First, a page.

### Unsynched stage 5 observation

Deep-sea core samples show that the interglacial interval known as marine isotope stage 5 began 130,000 years ago. This is 10,000 years before the solar forcing that the Milankovitch hypothesis predicts. (This is also known as the causality problem, because the effect precedes the putative cause.) [26]

### Predicted effects mystery

Artifacts show that the variation in Earth's climate is much more extreme than the variation in the intensity of solar radiation calculated as the Earth's orbit evolves. If orbital forcing causes climate change, science needs to explain why the observed effect is amplified compared to the theoretical effect.

Some climate systems exhibit amplification (positive feedback) and damping responses (negative feedback). An example of amplification would be if, with the land masses around 65° north covered in year-round ice, solar energy were reflected away. Amplification would mean that an ice age induces changes that impede orbital forcing from ending the ice age.

The Earth's current orbital inclination is 1.57° (see above). Earth presently moves through the invariable plane around January 9 and July 9. At these times, there is an increase in meteors and noctilucent clouds. If this is because there is a disk of dust and debris in the invariable plane, then when the Earth's orbital inclination is near 0° and it is orbiting through this dust, materials could be accreted into the atmosphere. This process could explain the narrowness of the 100,000-year climate cycle. [27] [28]

## Present and future conditions

Since orbital variations are predictable, [29] any model that relates orbital variations to climate can be run forward to predict future climate, with two caveats: the mechanism by which orbital forcing influences climate is not definitive; and non-orbital effects can be important (for example, Human impact on the environment principally increases in greenhouse gases result in a warmer climate [30] [31] [32] ).

An often-cited 1980 orbital model by Imbrie predicted "the long-term cooling trend that began some 6,000 years ago will continue for the next 23,000 years." [33] More recent work suggests that orbital variations should gradually increase 65° N summer insolation over the next 25,000 years. [34] Earth's orbit will become less eccentric for about the next 100,000 years, so changes in this insolation will be dominated by changes in obliquity, and should not decline enough to permit a new glacial period in the next 50,000 years. [35] [36]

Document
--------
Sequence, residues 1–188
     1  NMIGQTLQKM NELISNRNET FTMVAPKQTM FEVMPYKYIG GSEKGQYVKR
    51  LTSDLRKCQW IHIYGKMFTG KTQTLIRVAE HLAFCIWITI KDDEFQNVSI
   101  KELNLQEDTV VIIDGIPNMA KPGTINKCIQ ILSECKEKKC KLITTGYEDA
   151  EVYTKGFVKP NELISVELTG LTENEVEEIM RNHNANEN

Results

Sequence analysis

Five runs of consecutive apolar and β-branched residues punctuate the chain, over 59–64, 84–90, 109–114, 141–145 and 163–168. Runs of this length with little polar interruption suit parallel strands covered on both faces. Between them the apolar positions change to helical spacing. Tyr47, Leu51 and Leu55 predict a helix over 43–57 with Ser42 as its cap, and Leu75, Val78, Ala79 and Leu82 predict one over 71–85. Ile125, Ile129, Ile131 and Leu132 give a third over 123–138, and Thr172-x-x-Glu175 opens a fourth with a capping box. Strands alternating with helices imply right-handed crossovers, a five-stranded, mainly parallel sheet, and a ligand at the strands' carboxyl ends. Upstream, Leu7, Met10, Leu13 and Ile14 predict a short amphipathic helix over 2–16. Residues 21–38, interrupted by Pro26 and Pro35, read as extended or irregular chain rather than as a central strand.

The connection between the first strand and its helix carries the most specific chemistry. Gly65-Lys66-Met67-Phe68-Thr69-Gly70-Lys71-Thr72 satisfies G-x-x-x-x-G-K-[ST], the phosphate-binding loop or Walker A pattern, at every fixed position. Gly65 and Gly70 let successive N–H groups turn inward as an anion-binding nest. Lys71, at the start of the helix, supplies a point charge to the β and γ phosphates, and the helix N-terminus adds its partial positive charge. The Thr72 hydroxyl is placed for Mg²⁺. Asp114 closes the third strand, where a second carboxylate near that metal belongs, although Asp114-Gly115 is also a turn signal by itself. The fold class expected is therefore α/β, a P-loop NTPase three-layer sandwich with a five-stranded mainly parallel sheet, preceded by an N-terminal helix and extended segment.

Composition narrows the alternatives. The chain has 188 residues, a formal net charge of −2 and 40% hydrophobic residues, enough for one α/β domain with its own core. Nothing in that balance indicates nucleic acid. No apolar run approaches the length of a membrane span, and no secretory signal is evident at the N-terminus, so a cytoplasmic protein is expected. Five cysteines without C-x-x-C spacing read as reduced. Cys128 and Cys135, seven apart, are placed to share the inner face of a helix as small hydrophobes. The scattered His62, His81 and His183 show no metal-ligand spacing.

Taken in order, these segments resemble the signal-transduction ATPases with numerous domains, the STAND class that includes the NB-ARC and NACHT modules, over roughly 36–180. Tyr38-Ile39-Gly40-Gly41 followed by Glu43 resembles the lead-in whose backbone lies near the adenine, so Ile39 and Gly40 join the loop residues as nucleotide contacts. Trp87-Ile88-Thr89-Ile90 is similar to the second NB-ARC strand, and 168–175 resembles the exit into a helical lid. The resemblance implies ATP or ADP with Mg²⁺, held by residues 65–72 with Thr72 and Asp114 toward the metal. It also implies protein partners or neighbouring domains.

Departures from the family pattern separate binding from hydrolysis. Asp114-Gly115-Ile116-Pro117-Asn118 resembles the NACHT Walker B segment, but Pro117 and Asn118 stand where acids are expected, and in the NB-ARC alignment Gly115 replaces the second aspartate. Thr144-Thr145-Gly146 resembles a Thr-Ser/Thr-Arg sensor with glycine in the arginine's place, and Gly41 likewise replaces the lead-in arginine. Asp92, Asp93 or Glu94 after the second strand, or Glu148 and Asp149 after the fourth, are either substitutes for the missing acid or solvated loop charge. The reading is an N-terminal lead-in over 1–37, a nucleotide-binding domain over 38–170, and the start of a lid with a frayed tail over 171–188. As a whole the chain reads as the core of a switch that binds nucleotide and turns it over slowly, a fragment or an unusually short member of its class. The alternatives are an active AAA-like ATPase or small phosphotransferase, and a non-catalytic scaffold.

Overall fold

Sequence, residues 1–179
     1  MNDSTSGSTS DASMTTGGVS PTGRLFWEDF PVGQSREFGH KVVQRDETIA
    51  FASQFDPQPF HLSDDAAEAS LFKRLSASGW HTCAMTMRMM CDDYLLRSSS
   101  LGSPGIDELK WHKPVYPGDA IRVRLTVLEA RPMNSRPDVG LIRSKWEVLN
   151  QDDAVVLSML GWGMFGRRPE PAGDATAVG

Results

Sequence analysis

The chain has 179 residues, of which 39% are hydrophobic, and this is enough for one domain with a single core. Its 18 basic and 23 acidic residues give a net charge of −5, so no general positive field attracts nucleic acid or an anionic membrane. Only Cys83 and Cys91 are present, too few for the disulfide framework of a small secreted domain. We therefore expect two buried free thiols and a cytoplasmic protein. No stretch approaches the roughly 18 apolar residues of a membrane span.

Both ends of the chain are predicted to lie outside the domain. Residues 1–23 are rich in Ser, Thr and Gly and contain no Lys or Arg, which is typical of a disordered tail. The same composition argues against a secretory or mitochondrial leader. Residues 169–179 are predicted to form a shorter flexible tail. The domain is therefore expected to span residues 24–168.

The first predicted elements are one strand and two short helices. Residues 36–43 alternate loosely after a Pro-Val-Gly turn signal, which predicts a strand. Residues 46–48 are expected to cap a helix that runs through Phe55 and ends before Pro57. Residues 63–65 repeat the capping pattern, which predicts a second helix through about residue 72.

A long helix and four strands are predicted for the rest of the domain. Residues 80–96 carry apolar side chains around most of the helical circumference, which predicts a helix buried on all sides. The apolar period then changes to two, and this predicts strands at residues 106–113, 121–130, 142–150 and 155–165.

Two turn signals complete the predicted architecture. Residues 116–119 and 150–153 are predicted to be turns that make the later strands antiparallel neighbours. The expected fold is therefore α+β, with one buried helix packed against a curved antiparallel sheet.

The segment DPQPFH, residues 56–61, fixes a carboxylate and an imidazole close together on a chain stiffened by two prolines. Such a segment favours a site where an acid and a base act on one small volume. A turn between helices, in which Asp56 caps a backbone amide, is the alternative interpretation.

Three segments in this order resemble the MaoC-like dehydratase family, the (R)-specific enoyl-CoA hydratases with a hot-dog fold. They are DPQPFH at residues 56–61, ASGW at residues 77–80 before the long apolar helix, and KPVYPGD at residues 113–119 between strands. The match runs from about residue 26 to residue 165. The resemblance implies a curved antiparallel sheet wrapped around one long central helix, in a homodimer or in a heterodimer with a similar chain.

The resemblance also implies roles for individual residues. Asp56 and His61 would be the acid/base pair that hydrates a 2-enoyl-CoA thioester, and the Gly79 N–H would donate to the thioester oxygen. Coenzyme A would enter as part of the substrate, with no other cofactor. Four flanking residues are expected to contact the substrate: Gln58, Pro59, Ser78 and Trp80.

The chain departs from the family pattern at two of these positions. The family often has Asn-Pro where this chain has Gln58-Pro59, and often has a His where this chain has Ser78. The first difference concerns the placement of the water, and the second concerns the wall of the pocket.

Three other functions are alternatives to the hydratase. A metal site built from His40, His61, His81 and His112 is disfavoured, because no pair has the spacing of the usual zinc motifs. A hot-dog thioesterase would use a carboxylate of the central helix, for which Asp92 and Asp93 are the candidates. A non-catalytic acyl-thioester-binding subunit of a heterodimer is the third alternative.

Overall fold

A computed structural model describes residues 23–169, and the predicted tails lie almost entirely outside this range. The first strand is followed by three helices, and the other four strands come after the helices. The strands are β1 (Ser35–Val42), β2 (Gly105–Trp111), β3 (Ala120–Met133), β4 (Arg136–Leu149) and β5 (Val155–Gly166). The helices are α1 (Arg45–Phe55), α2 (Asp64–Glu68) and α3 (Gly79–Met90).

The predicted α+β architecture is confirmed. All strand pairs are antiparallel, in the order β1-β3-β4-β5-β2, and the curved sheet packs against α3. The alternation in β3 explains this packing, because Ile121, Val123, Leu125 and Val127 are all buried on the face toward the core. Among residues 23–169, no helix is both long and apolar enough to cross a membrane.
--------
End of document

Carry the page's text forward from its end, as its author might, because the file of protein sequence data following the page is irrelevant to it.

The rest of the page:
## Effects beyond Earth

Other bodies in the Solar System undergo orbital fluctuations like the Milankovitch cycles. Any geological effects would not be as pronounced as climate change on the Earth, but might cause the movement of elements in the solid state:

### Mars

Mars has no moon large enough to stabilize its obliquity, which has varied from 10 to 70 degrees. This would explain recent observations of its surface compared to evidence of different conditions in its past, such as the extent of its polar caps. [37] [38]

### Outer planets

Saturn's moon Titan has a cycle of approximately 60,000 years that could change the location of the methane lakes. [39] [40] Neptune's moon Triton has a variation similar to Titan's, which could cause its solid nitrogen deposits to migrate over long time scales. [41]

### Exoplanets

Scientists using computer models to study extreme axial tilts have concluded that high obliquity could cause extreme climate variations, and while that would probably not render a planet uninhabitable, it could pose difficulty for land-based life in affected areas. Most such planets would nevertheless allow development of both simple and more complex lifeforms. [42] Although the obliquity they studied is more extreme than Earth ever experiences, there are scenarios 1.5 to 4.5 billion years from now, as the Moon's stabilizing effect lessens, where obliquity could leave its current range and the poles could eventually point almost directly at the Sun. [43]